The experts were also puzzled about just what Fannie intends to accomplish. Fannie spokespeople have said that they want to force people to work with their servicers on alternatives to foreclosure such as lender approved short sales and deeds in lieu. However, as I have pointed out  in yesterday’s post on the subject,  lenders and servicers have proven completely unwilling to work with borrowers on so called “foreclosure alternatives.”

Furthermore, this policy does nothing to address the negative equity problem, known colloquially as being “underwater,” where a borrower owes more on his home than it is worth. As the article points out:

About a quarter of homeowners with mortgages, or about 11 million households, owe more than their home is worth, and are potentially vulnerable to a strategic default. A flat or rising real estate market could encourage many of them to hold on; a declining market would suggest it was time to go.

While negative equity by itself does not cause foreclosures, it does encourage them in a down market. There are many reasons why someone, who isn’t having trouble paying his or her mortgage, may choose to walk away. One of them is because he or she has done the math and it doesn’t make sense to continue to “throw good money after bad.” Another could be that he or she needs to move because of changes in employment or other issues, and can’t sell the house because of how much he or she owes.

Whatever the reason, businesses make such choices all the time. Why is Fannie Mae trying to punish people for engaging in rational economic decision making? The answer is that neither Fannie nor any other large lender out there wants to come to grips with the reality that all they’re holding on to is worthless paper.

HAMP Still Not Making The Grade: Geithner Refuses To Consider Alternatives

By almost every measure, the HAMP program continues to underperform in its effort to address the problem of mortgage foreclosures. Since its inception a year and half ago, only 340,000 homeowners have received permanent modifications and 436,000 have been dropped from the program. Last month alone, 155,000 homeowners were kicked out of trial modifications as opposed to only 30,000 who received new trial modifications. Accordingly, it appears the HAMP program is helping fewer and fewer homeowners as time goes on.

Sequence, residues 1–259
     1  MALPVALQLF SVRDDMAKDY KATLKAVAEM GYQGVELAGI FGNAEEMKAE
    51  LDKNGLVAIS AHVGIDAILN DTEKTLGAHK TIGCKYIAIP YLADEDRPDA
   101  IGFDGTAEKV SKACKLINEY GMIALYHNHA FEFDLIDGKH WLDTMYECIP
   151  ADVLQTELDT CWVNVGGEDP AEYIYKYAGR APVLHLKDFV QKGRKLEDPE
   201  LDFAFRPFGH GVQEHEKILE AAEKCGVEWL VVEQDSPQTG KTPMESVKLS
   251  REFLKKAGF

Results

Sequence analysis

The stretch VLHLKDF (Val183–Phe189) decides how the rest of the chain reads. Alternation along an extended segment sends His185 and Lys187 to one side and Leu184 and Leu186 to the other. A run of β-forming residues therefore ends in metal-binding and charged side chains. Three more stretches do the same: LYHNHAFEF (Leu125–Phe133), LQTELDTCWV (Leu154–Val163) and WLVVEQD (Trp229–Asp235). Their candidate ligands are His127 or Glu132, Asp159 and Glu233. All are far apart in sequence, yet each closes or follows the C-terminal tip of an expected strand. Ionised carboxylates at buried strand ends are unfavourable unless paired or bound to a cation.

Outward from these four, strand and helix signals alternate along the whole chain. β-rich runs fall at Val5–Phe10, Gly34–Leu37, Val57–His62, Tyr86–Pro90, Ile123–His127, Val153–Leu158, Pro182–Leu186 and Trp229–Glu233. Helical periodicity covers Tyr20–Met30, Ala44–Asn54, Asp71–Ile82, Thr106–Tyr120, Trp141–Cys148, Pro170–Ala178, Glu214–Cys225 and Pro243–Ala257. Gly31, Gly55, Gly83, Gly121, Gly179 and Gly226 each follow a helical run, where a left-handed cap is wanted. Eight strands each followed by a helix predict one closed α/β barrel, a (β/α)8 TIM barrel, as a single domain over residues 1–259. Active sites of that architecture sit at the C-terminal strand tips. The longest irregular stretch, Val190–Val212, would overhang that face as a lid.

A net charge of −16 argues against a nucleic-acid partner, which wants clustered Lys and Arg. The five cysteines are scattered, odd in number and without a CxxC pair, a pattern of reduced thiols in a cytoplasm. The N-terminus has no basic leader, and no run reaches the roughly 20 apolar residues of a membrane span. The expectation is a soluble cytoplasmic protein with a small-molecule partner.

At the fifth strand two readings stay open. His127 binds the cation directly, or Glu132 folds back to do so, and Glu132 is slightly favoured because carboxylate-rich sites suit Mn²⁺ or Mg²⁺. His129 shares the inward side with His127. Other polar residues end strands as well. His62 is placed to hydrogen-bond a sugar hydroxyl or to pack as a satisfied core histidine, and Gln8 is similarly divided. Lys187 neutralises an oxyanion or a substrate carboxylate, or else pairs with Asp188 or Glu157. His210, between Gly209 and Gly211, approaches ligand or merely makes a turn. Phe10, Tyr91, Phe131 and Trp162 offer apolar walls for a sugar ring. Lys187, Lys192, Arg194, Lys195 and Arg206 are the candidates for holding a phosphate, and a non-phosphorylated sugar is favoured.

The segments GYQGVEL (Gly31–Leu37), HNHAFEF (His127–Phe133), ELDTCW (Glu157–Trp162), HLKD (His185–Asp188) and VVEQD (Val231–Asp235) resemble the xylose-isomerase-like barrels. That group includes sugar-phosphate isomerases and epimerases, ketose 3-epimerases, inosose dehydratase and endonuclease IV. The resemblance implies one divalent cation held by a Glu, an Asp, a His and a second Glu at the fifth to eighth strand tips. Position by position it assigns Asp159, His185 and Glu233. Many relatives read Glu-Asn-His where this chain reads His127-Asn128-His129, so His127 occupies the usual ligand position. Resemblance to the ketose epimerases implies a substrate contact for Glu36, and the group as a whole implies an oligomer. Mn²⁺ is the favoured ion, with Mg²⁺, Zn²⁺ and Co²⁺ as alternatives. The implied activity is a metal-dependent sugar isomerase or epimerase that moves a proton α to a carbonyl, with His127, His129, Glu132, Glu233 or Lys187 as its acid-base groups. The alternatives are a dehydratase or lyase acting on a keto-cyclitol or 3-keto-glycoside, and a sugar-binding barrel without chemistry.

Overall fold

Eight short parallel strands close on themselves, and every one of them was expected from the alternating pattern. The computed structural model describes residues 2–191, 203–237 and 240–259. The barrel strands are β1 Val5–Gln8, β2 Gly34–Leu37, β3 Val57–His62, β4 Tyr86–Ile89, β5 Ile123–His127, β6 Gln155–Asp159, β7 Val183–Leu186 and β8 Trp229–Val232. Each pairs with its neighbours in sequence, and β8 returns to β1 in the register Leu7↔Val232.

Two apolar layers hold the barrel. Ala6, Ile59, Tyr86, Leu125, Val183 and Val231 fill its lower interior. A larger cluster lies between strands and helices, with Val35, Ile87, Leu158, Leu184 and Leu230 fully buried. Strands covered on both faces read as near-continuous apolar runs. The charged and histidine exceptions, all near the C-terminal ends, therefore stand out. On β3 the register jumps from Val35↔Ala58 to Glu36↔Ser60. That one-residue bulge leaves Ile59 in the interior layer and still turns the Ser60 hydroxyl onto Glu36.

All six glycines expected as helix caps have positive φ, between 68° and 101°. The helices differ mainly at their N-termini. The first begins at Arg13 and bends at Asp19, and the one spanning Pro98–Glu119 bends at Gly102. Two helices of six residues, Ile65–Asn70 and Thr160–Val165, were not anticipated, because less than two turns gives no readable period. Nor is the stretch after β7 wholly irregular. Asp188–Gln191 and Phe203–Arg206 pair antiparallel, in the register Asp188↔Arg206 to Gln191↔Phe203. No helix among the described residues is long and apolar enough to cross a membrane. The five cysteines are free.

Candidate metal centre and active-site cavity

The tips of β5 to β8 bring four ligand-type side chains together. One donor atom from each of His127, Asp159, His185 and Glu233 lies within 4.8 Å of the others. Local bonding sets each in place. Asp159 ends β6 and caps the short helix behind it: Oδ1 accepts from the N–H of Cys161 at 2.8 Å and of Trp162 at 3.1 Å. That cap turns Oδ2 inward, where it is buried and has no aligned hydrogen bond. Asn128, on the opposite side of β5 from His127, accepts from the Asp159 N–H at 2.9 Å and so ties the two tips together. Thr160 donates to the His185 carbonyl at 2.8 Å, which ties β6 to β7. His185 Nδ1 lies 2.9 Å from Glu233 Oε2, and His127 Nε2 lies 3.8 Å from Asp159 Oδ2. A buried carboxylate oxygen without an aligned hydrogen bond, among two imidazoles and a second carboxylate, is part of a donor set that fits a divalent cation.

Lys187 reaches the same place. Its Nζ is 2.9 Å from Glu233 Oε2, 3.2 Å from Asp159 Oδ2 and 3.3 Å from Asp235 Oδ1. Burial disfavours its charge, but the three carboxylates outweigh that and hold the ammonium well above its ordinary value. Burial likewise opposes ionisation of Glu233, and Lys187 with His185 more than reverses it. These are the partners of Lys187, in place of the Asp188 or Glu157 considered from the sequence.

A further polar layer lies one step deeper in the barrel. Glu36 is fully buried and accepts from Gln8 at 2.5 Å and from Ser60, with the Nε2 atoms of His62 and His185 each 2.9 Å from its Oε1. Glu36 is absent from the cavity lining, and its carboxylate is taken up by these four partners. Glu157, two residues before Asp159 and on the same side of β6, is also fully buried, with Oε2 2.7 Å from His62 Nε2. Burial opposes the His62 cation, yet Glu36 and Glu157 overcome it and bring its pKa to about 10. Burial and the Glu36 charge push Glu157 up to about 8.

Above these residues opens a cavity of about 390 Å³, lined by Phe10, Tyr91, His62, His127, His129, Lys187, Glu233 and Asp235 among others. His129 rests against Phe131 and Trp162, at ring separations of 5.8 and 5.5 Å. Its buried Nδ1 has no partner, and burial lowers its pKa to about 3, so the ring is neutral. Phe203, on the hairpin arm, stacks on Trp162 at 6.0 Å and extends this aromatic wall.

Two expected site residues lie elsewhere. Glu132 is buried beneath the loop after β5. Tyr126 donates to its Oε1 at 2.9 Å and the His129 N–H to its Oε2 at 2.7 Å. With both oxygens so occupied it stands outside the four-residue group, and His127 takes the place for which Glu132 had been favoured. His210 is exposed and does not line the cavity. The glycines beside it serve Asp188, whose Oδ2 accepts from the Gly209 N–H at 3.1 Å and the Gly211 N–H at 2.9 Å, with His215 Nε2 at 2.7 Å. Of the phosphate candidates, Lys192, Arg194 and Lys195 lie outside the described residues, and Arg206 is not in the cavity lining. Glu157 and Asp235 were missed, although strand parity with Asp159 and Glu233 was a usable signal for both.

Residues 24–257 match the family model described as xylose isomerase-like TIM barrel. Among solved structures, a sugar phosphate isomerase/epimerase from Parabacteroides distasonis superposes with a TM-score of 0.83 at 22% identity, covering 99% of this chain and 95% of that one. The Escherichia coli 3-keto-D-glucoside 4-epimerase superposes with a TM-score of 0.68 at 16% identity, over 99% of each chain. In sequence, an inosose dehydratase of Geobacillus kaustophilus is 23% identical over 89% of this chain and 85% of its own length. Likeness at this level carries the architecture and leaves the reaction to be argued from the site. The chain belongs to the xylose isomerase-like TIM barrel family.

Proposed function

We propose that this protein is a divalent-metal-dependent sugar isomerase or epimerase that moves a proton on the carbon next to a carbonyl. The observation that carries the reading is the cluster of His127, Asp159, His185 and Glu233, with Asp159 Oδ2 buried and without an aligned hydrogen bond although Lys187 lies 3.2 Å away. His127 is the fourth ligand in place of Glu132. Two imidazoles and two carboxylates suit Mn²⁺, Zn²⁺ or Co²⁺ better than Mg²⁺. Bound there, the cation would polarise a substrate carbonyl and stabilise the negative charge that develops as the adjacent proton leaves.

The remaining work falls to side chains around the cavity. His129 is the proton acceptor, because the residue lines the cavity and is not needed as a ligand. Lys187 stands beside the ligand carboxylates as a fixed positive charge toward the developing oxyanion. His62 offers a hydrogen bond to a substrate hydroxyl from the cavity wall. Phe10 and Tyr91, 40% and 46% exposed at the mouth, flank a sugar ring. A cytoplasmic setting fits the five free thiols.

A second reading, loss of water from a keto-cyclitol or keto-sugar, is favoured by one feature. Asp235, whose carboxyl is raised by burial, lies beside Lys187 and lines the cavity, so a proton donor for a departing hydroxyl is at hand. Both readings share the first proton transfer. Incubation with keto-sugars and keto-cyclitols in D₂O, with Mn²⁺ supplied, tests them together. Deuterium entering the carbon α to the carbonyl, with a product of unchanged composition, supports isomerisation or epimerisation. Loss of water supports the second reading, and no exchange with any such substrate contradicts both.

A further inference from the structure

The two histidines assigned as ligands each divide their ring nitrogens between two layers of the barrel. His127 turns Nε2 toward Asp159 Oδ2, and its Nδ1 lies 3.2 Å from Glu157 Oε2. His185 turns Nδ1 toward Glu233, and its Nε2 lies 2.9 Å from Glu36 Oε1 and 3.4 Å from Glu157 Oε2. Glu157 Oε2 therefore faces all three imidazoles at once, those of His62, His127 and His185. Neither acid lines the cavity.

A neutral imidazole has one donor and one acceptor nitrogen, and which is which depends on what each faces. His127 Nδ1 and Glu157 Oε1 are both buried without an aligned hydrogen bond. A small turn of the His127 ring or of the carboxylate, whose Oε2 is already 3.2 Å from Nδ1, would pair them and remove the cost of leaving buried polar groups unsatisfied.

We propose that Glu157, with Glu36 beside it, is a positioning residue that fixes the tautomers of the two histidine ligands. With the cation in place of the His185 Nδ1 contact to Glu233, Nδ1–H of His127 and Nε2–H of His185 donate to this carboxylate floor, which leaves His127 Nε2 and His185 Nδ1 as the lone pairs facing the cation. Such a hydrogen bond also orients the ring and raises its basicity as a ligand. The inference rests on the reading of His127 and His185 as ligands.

New Class Action Suits Could Create Precedent To Enforce HAMP Modification Agreements



By most measures, the Making Home Affordable Modification Program has had lackluster results in permanently averting foreclosures and dampening the effects of the foreclosure crisis. The main reason HAMP has been so ineffective is the fact that at its core, it remains a voluntary program on the part of mortgage loan servicers and lenders. In other words, HAMP has no teeth.  Servicers may choose to participate or not and even if they choose to participate,  nothing in the program language states that they must modify any loans.

Therefore, we have a situation where homeowners enter into trial modification agreements and comply with each and every condition of the agreement, only to have the servicer delay responding or continue to ask for more documents. All the while, the homeowner continues to make his or her trial payments. Worse, it is all too common for the borrower’s home to be foreclosed upon while the trial modification is pending, even though HAMP prohibits any foreclosure sale while the borrower is in a trial period plan.

Four class action suits, filed  by the Boston based non-profit  National Consumer Law Center, in the state of Massachusetts aim to give HAMP teeth it lacks. The lawsuits  claim that the trial plan is a contract that the servicers have breached by failing to modify the loan once all conditions have been met. The complaints go even further by suggesting that the signed agreement the servicers have with the U.S. Treasury represents a contract to mitigate the foreclosure crisis by offering assistance to homeowners at risk, and that by failing to modify enough loans, the servicers have breached that contract as well.